Located near Potato Knob is Upper Falls, a large waterfall on Fall Run. The site features an observation deck and stairway to the base of the falls.[14]

Windy Gap School[edit]

Windy Gap One Room School

Located at 38°39′57″N 80°21′16″W / 38.66583°N 80.35444°W / 38.66583; -80.35444

Windy Gap School is a former one-room schoolhouse that was located on a remote tract of land owned by the West Virginia Division of Natural Resources. The Holly River State Park Foundation led a volunteer project to relocate the schoolhouse to near the park headquarters to make it more accessible to visitors.[15]

Events[edit]

Holly River Festival[edit]

The Holly River Festival has been held annually during Labor Day weekend at the park since 1992.[4] The family-oriented festival features activities such as a talent show, live music, contests, crafts, old-time games, and exhibitions.[16][4]

Accessibility[edit]

Accessibility for the disabled was evaluated by West Virginia University in 2005. The campground, picnic shelters, swimming pool, and playground were found to be accessible, but issues were identified with signage and slippery stairways.[17]

See also[edit]

References[edit]

  1. ^ a b "West Virginia State Parks At-a-Glance" (PDF). West Virginia Division of Natural Resources. March 8, 2016. Archived from the original (PDF) on June 26, 2008. Retrieved January 16, 2017. 
  2. ^ Where People and Nature Meet: A History of the West Virginia State Parks. Charleston, West Virginia: Pictorial Histories Publishing Company. April 1988. ISBN 0-933126-91-3. 
  3. ^ a b c Sweeten, Lena (May 11, 2010). "New Deal Resources in West Virginia State Parks and State Forests" (PDF). West Virginia Division of Culture and History. Retrieved August 8, 2017. 
  4. ^ a b c Anderson, Stanley J. (1993). The Kanawha Head Project: A History of Holly River State Park. Utica, Kentucky: McDowell Publishing.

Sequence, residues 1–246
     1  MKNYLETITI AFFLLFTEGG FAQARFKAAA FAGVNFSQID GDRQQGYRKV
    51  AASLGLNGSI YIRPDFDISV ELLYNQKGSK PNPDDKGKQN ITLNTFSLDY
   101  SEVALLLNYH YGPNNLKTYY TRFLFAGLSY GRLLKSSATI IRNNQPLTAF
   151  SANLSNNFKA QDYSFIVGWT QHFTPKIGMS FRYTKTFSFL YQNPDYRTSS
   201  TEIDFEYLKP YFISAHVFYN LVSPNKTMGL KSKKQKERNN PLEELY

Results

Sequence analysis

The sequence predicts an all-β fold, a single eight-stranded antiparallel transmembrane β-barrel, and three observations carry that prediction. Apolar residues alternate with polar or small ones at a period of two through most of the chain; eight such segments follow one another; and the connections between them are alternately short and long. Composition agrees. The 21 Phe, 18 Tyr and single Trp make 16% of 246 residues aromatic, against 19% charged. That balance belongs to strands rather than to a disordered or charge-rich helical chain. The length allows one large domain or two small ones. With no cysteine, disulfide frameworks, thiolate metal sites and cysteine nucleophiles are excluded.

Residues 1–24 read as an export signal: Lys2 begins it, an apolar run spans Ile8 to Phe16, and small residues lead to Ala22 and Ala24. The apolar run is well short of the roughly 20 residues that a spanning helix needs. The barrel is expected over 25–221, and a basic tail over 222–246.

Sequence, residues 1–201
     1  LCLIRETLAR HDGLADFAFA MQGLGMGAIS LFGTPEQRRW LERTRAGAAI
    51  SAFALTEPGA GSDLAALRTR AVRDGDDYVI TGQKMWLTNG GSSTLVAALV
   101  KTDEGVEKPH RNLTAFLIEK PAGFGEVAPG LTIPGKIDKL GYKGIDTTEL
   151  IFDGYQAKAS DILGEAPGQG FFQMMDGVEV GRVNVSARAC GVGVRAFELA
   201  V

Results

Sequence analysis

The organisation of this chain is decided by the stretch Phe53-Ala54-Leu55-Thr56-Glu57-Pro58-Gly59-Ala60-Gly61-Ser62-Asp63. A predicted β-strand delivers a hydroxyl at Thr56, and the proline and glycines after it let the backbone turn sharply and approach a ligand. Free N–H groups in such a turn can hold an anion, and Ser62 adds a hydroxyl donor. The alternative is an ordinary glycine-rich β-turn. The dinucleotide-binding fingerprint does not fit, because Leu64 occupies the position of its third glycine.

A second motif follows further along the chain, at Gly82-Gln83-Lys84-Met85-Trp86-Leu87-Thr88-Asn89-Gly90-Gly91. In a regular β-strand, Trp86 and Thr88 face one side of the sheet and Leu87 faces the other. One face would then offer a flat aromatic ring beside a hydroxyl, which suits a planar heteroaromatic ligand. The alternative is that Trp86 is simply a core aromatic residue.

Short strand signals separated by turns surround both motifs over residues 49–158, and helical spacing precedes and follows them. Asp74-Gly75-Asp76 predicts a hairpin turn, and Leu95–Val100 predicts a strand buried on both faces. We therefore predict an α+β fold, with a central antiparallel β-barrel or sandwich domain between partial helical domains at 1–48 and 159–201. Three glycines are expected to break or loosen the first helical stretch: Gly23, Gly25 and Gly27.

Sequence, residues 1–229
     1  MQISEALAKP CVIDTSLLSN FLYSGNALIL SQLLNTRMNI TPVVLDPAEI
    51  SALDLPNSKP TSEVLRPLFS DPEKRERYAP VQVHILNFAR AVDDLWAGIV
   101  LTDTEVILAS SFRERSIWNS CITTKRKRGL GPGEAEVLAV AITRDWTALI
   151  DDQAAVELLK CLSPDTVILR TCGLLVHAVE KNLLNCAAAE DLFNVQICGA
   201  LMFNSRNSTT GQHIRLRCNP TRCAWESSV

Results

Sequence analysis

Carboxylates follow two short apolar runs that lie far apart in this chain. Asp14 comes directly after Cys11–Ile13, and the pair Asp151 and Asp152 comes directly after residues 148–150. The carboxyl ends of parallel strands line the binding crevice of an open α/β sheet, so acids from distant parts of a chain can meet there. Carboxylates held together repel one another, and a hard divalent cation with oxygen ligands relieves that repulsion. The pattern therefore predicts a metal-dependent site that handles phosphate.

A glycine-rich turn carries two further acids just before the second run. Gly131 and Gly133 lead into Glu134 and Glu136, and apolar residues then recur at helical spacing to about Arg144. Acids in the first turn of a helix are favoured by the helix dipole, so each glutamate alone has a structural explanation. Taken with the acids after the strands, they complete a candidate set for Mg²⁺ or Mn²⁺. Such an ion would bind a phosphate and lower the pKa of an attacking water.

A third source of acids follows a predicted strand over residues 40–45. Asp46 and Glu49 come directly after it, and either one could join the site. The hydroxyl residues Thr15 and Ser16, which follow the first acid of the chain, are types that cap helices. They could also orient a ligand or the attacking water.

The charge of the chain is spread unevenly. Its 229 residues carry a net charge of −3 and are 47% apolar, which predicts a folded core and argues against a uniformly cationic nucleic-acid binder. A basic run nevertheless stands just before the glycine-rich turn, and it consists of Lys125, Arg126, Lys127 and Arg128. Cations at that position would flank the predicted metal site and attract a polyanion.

5. ^ "Recreation". Holly River State Park. West Virginia Division of Natural Resources. Retrieved April 12, 2017. 
  6. ^ "Hiking". Holly River State Park. West Virginia Division of Natural Resources. Retrieved April 12, 2017. 
  7. ^ a b "Horseback Riding and Equestrian Facilities". Holly River State Park. West Virginia Division of Natural Resources. Retrieved April 11, 2017. 
  8. ^ "Cabins". Holly River State Park. West Virginia Division of Natural Resources. Retrieved August 12, 2017. 
  9. ^ "Campground Information". Holly River State Park. Retrieved 10 December 2015. 
  10. ^ "101 Unique Places to Dine in West Virginia". The Herald-Dispatch. 2009-07-14. 
  11. ^ 101 Unique Places to Dine in WV 2012 (PDF). West Virginia Department of Commerce. 2012. 
  12. ^ 101 Unique Places to Dine in WV 2015. West Virginia Department of Commerce. 2015. 
  13. ^ "Map of Potato Knob". Google Maps. Google. Retrieved January 22, 2010. 
  14. ^ Hartigan, Rick. "Upper Falls Holly River". West Virginia Water Falls. Retrieved August 12, 2017. 
  15. ^ Ghion, Kathryn (September 3, 2015). "Historical Tour: Windy Gap School". WBOY-TV. Retrieved July 27, 2017. 
  16. ^ "Holly River Festival Raises Funds for State Park in Webster County". WBOY-TV. Retrieved 27 July 2017. 
  17. ^ Guide to Accessible Recreation and Travel in WV, WVU Center for Excellence in Disabilities web site, accessed July 31, 2006 Archived July 20, 2006, at the Wayback Machine.

External links[edit]